King's College London

Research portal

Theoretical modelling of epitaxial graphene growth on the Ir(111)surface

Student thesis: Doctoral ThesisDoctor of Philosophy

The main problem aecting the widespread use of graphene based products is
the ability to produce high quality graphene in large quantities. One possible
method of achieving this is to grow it epitaxially. In this thesis a selection of
the important processes involved in epitaxial graphene growth are studied in
detail using density functional theory based calculations. It begins with an
investigation into the initial stages of the growth process, specically determining
the kinetics of the decomposition of ethylene on the Ir(111) surface, in
order to nd the decomposition mechanism and the resulting carbon feedstock
species that will go on to form graphene. To achieve this the energy barriers
of the relevant reactions are determined using the nudged elastic band (NEB)
method, and then the reaction kinetics are modelled using both rate equations
and a specically developed kinetic Monte Carlo code. The decomposition is
determined for a variety of dierent experimental conditions, including temperature
programmed growth and chemical vapour deposition. Broadly the
results show that the decomposition mechanism involves the breaking of the
C-C bond, resulting in the production of C monomers.
Following from this the nucleation of carbon clusters on the Ir(111) surface
from C monomers prior to graphene formation is investigated. The full, temperature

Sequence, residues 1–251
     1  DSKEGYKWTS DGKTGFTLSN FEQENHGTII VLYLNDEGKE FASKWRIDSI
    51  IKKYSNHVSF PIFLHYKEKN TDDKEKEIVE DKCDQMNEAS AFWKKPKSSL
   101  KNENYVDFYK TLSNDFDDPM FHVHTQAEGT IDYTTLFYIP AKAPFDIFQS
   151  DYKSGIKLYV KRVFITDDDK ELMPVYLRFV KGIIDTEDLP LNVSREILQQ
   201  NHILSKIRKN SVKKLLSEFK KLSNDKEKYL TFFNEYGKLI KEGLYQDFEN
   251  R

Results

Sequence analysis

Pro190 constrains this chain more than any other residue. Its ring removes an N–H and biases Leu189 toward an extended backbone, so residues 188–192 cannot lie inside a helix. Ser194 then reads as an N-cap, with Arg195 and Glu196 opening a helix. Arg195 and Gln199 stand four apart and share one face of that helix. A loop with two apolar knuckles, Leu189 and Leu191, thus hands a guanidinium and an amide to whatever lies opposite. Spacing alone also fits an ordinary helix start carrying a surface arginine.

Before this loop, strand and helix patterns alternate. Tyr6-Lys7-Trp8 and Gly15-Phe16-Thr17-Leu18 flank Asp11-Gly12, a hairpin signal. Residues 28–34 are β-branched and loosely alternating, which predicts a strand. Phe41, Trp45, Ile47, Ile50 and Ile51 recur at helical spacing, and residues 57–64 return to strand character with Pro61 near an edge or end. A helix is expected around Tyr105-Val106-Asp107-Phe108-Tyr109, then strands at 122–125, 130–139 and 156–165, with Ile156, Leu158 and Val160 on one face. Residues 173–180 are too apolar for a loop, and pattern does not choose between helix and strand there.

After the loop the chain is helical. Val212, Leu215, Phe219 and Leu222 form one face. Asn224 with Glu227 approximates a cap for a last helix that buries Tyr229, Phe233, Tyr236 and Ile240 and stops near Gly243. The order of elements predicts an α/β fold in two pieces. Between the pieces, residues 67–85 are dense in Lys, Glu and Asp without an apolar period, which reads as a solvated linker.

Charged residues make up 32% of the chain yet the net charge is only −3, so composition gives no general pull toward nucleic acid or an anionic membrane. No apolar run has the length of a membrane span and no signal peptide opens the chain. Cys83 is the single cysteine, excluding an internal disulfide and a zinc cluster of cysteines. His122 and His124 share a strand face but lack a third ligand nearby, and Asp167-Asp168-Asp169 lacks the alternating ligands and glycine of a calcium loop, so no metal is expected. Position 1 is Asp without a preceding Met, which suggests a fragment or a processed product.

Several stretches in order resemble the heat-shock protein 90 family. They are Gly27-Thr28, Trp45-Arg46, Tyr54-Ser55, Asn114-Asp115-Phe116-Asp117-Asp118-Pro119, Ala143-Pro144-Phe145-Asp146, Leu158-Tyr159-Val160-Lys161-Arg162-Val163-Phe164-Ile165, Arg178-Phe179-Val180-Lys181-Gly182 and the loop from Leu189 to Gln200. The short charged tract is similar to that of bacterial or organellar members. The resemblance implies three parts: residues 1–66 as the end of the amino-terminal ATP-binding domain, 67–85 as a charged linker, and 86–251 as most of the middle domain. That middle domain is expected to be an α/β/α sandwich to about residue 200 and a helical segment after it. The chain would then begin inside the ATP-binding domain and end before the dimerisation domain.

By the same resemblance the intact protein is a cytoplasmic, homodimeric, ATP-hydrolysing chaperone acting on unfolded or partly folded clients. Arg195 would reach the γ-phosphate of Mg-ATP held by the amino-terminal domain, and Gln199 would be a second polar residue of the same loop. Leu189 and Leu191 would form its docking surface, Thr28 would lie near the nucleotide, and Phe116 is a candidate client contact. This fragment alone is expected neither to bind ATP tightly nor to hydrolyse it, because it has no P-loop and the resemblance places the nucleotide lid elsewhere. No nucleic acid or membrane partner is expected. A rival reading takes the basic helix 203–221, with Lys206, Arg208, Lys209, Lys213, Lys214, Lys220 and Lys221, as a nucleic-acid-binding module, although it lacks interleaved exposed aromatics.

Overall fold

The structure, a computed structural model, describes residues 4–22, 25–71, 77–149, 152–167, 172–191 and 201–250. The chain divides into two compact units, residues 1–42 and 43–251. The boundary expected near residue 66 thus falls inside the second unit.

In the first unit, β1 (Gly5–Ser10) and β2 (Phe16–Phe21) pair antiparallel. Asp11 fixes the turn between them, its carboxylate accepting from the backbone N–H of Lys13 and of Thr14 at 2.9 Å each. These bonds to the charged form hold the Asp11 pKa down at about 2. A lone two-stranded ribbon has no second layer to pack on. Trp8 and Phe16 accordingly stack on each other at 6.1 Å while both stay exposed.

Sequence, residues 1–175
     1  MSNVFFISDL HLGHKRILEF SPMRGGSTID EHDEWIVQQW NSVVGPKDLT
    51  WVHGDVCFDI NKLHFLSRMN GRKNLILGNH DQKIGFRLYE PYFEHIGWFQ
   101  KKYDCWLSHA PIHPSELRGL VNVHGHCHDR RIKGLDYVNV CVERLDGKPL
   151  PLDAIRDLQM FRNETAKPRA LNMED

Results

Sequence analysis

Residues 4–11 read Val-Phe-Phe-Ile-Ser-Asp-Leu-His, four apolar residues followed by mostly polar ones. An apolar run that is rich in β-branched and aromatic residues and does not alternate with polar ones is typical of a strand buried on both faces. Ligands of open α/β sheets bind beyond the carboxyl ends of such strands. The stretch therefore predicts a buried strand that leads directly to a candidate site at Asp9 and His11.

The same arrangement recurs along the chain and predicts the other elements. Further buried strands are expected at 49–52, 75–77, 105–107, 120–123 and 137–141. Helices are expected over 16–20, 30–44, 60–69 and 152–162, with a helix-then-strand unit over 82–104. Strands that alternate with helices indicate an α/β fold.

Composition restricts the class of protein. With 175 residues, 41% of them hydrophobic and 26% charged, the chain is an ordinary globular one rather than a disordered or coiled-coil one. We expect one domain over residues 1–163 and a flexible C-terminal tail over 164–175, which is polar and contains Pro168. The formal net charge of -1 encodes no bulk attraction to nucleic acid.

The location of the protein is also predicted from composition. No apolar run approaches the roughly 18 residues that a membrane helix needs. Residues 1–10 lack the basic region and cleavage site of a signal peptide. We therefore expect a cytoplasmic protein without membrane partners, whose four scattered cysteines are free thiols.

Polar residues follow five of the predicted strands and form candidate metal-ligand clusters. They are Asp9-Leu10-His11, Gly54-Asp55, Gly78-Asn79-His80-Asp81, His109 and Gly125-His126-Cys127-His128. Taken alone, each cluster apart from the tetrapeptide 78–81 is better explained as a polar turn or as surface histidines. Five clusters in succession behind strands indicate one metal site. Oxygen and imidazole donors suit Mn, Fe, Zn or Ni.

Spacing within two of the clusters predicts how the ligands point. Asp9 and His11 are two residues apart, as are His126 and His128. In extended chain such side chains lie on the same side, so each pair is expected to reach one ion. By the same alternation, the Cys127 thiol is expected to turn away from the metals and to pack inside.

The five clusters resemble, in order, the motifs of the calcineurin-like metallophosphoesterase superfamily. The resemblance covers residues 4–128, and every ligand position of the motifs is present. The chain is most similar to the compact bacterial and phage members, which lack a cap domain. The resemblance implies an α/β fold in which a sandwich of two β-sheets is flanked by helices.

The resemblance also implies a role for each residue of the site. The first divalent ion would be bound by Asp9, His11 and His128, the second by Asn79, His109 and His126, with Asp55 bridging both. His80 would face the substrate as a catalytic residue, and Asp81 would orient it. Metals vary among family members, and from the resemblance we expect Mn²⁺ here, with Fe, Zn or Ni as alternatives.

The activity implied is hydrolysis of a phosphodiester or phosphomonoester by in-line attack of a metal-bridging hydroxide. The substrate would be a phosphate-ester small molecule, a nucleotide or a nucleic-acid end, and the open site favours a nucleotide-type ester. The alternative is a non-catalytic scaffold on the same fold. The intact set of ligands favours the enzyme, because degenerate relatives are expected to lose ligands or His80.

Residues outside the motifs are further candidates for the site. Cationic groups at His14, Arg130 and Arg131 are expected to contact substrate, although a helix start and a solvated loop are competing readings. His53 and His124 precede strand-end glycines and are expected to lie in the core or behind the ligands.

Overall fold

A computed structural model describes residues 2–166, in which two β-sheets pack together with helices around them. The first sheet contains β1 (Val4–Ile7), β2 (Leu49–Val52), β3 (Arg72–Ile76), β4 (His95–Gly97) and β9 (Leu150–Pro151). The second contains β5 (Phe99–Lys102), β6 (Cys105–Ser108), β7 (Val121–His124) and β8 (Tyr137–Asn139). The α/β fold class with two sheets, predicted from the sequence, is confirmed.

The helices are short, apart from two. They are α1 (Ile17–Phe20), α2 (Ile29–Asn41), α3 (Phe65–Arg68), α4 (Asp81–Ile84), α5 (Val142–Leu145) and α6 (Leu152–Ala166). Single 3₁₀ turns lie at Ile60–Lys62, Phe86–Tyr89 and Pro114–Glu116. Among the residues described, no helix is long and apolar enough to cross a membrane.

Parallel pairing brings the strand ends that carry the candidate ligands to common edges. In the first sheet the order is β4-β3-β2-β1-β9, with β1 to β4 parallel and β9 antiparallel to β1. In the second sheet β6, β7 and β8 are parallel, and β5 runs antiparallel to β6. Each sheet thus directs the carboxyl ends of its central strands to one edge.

dependent work of formation is devised and calculated for a variety of
dierent cluster types. From this value it is possible to determine the critical
cluster size, where the addition and removal of C monomers is equally likely.
Based on this, small arch-shaped clusters containing four to six C atoms are
predicted to be long-lived on the surface, suggesting that they may be key in
graphene formation.
Finally the healing of single vacancy defects in graphene on the Ir(111) surface
is examined. These defects are undesirable and negatively aect the useful
properties of graphene. The attempted healing of the defects by ethylene
molecules is simulated with molecular dynamics and used to predict partially
healed structures. The energy barriers to the healing are determined using
NEB calculations. The results suggest that the vacancy defects can be healed
directly by dosing with ethylene molecules during graphene growth.
Original languageEnglish
Awarding Institution
Supervisors/Advisors
Award date2017

Documents

Download statistics

No data available

View graph of relations

© 2020 King's College London | Strand | London WC2R 2LS | England | United Kingdom | Tel +44 (0)20 7836 5454